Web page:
These were the statements of members of the Liberia Association of Gospel Musical Artists (LAGMA), on Tuesday, February 26, 2013, when they protested against piracy at the Ministry of Foreign Affairs in Monrovia, where President Ellen Johnson Sirleaf has been running her office since a fire outbreak at the Executive Mansion on July 26, 2006.
The Liberian gospel musicians said the illegal transfer of their music through the use of memory chips, which is a copy right violation, continues to create problems for them as they do not receive any money for the music, and some do not get back the money they use to produce the music.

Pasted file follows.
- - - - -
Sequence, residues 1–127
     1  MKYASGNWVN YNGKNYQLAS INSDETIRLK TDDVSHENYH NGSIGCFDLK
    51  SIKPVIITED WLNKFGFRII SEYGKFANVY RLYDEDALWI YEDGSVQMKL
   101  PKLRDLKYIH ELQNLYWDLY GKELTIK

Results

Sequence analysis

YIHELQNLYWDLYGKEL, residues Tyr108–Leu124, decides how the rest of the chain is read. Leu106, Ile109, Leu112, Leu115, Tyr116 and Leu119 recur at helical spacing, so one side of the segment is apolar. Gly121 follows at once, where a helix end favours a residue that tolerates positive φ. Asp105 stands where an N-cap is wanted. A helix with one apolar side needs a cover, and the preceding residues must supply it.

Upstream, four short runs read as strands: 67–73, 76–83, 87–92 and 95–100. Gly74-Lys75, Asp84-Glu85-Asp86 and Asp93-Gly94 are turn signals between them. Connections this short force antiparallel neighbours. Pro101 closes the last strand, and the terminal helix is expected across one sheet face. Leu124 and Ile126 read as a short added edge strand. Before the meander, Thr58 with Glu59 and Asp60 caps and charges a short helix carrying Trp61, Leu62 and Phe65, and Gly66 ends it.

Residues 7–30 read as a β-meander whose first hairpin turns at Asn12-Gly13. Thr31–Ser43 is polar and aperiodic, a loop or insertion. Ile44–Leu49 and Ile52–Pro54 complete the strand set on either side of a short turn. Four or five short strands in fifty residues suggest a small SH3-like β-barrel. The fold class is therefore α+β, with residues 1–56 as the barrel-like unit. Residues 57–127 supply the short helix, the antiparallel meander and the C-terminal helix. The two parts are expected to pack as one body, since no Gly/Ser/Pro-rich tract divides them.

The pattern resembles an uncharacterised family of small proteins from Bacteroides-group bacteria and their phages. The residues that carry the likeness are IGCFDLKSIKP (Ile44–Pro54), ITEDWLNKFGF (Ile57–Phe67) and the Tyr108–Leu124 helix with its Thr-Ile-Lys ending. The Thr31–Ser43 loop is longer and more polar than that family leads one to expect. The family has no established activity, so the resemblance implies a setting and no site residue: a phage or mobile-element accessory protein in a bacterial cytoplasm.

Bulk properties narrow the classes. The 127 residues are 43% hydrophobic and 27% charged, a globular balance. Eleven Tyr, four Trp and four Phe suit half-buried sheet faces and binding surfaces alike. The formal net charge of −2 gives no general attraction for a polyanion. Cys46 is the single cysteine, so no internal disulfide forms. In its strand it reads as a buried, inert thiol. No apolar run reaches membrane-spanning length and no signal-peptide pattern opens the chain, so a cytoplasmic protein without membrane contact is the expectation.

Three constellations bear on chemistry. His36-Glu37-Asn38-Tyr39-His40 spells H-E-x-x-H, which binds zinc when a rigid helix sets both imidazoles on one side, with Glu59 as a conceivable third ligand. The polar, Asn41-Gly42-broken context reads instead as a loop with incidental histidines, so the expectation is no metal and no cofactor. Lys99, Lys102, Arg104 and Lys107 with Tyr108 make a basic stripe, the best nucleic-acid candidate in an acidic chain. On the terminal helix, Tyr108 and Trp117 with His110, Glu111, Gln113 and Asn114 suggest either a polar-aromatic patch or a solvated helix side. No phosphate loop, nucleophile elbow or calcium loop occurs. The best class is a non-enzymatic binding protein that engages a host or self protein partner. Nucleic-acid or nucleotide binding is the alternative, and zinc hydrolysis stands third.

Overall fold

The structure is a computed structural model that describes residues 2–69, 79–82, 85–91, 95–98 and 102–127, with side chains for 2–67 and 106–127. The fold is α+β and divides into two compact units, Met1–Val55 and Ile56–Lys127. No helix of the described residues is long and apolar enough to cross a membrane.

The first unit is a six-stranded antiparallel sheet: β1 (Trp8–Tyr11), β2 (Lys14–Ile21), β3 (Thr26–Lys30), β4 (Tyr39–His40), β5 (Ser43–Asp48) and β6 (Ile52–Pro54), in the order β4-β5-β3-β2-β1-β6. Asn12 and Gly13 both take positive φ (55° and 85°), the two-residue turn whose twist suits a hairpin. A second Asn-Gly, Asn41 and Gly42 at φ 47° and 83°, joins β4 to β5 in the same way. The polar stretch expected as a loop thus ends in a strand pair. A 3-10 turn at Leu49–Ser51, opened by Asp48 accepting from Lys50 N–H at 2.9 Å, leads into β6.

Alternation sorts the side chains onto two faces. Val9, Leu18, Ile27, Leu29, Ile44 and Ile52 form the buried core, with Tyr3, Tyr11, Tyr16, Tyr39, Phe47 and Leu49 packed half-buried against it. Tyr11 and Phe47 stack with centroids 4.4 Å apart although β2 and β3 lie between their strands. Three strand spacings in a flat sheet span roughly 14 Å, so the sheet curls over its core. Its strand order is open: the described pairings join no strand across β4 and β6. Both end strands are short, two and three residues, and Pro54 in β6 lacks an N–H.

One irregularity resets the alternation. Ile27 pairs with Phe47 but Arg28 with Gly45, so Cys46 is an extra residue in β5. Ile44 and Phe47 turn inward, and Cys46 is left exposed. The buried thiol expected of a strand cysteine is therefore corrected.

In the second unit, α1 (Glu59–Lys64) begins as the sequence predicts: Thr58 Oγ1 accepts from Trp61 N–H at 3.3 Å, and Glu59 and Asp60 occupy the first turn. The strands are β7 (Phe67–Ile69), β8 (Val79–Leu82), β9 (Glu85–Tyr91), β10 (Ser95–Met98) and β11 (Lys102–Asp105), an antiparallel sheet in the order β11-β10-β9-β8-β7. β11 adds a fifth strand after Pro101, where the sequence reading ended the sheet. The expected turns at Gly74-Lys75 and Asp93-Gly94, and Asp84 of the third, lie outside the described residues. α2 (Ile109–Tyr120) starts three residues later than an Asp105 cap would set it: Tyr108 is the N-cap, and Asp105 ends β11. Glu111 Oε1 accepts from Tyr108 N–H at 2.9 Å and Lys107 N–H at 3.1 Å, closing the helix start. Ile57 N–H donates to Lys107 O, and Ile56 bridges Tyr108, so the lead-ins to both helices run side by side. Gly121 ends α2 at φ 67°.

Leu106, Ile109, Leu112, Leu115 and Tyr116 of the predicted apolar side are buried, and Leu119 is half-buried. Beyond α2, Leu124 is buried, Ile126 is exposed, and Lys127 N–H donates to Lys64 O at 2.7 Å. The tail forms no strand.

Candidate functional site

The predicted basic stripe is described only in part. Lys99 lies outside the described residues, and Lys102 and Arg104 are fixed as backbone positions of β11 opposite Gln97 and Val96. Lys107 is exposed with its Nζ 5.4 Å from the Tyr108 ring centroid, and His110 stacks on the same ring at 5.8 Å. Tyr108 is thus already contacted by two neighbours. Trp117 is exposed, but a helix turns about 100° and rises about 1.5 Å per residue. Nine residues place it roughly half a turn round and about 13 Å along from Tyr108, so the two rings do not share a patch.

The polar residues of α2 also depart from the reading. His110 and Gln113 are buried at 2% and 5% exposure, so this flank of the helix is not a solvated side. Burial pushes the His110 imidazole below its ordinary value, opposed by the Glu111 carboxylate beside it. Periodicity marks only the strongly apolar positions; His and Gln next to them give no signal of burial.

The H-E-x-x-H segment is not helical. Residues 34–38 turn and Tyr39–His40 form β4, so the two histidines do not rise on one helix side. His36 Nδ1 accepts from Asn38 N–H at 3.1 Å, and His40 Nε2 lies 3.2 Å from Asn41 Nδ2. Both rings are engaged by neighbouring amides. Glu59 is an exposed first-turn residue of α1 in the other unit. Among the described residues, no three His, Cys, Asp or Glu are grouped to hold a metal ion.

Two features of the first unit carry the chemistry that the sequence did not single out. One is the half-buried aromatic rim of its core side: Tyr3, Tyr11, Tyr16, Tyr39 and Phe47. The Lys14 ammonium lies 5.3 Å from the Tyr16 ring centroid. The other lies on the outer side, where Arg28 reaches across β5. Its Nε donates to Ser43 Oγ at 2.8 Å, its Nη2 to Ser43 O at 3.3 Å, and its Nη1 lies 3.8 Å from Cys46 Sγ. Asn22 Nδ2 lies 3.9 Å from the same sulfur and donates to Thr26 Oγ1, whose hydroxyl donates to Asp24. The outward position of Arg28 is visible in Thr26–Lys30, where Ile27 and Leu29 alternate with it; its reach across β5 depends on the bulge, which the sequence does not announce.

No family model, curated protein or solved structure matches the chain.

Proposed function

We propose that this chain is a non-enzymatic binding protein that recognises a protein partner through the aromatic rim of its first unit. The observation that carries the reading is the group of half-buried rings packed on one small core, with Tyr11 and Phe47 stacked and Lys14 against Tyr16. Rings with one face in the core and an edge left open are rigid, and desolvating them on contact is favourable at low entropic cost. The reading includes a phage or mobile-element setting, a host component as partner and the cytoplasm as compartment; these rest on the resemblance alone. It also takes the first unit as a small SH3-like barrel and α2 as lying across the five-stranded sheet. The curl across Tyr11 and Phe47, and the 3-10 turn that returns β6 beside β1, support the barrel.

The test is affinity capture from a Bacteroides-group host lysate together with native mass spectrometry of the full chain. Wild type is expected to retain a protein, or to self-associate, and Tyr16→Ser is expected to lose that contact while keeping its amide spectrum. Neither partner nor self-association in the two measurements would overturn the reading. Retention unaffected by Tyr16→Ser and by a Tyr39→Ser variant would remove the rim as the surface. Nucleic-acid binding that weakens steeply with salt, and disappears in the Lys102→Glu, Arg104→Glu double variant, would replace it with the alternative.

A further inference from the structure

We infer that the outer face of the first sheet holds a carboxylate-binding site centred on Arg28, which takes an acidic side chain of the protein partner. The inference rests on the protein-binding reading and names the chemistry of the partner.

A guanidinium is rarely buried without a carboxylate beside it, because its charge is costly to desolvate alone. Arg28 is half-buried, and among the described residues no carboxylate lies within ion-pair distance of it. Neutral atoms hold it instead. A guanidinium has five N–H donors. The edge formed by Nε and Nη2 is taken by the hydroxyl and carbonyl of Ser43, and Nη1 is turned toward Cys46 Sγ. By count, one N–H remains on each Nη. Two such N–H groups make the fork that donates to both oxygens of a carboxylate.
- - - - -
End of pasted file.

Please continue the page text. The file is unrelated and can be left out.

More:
In an interview with journalists, LAGMA President, Zarweay Gaye, commonly referred to as “Zarweay the Elder,” called on President Johnson Sirleaf to intervene in their plight as the situation undermines not only gospel music, but also other music. “In order for us to succeed in our fight against this deadly disease called piracy, President Ellen Johnson-Sirleaf must act in our interest,” he stressed.
Zarweay the Elder recalled that since 1997 when the piracy law was adopted, it has always been violated by the public and pirates, and therefore called on the president to act swiftly to their cry.